Device seeding and cytokine treatment
Cantilever arrays were initially treated with 100% oxygen plasma for 3 min (Nordson Electronic Solutions, Concord, CA) and then immediately submerged and incubated in a 0.15 mg/ml type 1 collagen solution (Advanced Biomatrix 5153) for 1 h to coat the silicone exterior. The 96-well plates (Perkin Elmer 6055302) were pretreated with an anti-adhesion rinse solution (Stem Cell Technologies 07010) for a minimum of 15 min to prevent cell attachment. Cells were then suspended in a 1 mg/ml neutralized type 1 collagen solution then dispensed at a density of 50 000 cells per well into the plate over ice. Cantilever arrays were immediately added to the well, ensuring the ends of each cantilever were fully submerged and incubated at 37 °C for 15 min to allow for gelation. Growth media was then added to the seeded wells, and plates were incubated overnight to allow for initial tissue formation (day 0). All biological replicates for all experiments were generated using new consumables, and pillar arrays were never re-used to lower risk of experiment-to-experiment contamination.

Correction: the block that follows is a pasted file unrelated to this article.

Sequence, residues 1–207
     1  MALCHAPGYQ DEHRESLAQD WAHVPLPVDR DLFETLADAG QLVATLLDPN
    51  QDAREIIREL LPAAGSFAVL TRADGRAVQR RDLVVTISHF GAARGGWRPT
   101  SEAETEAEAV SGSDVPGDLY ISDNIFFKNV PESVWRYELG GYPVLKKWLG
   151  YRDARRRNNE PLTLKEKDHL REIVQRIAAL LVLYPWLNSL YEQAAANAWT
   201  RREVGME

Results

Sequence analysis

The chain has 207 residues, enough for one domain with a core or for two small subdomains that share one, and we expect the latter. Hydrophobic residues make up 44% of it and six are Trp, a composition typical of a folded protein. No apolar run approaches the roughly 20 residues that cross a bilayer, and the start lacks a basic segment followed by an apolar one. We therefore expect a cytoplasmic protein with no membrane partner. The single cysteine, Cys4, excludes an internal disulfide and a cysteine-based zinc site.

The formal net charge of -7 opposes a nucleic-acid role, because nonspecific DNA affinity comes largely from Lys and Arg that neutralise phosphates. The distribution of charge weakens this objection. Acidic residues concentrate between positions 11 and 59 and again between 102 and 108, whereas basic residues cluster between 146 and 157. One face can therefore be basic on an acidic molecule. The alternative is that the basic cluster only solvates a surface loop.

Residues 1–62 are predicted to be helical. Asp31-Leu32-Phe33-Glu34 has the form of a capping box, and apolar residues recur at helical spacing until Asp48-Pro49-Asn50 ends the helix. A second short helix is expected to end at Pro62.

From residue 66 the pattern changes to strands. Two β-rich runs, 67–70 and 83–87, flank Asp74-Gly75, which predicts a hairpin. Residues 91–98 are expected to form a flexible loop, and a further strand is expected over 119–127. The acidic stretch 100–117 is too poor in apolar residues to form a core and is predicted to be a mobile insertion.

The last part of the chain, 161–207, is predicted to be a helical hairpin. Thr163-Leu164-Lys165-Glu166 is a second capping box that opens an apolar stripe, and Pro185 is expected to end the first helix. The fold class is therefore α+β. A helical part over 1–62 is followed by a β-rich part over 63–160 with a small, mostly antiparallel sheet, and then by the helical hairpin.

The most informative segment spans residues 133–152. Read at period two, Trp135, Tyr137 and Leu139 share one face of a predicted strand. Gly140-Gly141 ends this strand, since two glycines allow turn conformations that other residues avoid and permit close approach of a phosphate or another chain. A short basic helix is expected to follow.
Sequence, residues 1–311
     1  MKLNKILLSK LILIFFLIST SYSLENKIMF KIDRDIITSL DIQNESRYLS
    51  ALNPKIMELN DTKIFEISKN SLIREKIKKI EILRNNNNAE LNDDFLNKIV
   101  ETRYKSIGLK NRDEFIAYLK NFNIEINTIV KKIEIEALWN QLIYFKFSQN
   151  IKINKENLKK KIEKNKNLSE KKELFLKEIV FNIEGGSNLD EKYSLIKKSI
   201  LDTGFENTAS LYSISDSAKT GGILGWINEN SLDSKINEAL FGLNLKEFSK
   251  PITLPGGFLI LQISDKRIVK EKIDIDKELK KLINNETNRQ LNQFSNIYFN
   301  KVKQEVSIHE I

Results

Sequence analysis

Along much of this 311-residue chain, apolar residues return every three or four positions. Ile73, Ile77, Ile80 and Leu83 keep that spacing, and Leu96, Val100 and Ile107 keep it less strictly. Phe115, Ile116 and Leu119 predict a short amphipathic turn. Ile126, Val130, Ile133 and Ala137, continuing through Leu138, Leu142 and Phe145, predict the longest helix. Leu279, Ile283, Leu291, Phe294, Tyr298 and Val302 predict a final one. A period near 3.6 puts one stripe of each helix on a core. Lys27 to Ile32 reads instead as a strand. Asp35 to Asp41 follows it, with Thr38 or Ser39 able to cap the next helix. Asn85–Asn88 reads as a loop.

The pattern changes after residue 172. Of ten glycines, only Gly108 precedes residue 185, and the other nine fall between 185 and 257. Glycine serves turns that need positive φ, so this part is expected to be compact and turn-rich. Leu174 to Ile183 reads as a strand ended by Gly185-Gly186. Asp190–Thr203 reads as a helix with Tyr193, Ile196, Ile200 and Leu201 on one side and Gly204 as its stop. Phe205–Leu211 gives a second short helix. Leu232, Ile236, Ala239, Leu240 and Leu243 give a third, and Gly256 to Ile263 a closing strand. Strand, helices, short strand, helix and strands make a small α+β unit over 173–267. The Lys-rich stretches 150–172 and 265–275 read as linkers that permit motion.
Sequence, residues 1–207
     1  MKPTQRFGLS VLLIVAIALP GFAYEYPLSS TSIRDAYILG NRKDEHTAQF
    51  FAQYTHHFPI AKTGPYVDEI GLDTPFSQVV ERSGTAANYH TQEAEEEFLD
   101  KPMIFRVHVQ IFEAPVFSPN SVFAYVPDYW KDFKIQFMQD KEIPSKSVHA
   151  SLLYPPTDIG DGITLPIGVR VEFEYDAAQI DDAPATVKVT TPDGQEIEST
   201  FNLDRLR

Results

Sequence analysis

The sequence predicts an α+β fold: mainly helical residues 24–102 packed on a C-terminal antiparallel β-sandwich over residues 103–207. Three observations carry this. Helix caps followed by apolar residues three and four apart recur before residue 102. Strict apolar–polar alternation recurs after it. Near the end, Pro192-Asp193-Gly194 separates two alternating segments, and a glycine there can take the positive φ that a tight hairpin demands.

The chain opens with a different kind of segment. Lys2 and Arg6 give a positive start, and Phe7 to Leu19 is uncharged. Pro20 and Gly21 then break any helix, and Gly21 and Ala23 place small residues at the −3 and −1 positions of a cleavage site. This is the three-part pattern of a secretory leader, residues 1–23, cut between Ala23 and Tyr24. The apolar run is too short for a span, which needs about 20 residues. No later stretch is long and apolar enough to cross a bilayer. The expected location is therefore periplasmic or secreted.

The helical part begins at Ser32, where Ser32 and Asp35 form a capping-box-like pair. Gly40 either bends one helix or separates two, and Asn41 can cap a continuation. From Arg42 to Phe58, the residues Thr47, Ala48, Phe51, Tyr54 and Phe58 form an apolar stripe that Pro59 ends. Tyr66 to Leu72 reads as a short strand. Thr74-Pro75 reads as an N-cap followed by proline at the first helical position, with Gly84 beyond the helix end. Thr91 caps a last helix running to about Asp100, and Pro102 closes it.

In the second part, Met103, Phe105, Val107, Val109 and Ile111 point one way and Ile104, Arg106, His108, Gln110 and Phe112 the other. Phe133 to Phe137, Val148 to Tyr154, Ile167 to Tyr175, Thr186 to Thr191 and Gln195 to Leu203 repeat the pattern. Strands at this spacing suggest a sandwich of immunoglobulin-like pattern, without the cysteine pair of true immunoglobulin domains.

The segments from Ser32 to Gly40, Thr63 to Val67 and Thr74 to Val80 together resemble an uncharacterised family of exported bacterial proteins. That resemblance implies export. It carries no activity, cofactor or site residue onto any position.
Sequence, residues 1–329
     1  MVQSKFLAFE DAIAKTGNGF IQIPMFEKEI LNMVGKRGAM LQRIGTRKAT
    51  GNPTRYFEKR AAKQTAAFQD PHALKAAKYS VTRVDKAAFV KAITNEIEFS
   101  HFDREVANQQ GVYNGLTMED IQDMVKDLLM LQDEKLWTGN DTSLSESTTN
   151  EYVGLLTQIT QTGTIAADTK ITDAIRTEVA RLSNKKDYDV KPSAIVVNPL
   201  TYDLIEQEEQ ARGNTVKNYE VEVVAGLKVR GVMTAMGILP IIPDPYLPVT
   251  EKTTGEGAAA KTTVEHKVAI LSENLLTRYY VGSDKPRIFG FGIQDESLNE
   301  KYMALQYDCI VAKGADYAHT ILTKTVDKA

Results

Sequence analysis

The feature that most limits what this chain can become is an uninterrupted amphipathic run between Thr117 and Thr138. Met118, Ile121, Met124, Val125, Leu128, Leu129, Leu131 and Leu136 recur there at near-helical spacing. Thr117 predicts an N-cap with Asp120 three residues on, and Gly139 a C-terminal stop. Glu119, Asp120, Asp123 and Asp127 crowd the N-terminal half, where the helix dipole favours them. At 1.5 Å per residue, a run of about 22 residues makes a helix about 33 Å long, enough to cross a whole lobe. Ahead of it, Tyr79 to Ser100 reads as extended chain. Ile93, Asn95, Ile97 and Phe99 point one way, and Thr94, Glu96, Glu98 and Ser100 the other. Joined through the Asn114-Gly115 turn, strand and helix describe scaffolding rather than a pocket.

Following 24 h of incubation (day 1), cantilever arrays with seeded microtissues were transferred into a fresh 96-well plate containing hBSMC growth media with reduced serum (0.5% FBS) and the indicated recombinant cytokines at 10 ng/ml (see supplementary material Table S1 for catalog numbers). Microtissues were incubated for 3 days, after which the media and cytokines were replenished (day 4). After an additional 3 days of treatment (day 7), microtissues were used for desired end point assessment.
Live cell staining via TMRM
Tetramethylrhodamine methyl ester perchlorate (TMRM) stain was obtained from Thermo Fisher (Cat. T668, Thermo Fisher). Tissues were incubated 3 and 7 days in starvation media containing TMRM at a concentration of 25 nM prior to imaging. Tissues were then imaged at 5× and 20× magnification using an Opera Phenix High-Content Imager (Perkin Elmer). Images acquired at 5× magnification were compiled from four fields of view. Images at 20× were acquired across the tissue midline and compiled from six fields of view. All images and cross-sectional reconstructions are represented as maximum intensity projections. Viability was visually assessed relative to a dead control of 1 μM staurosporine (supplementary material Fig. 9).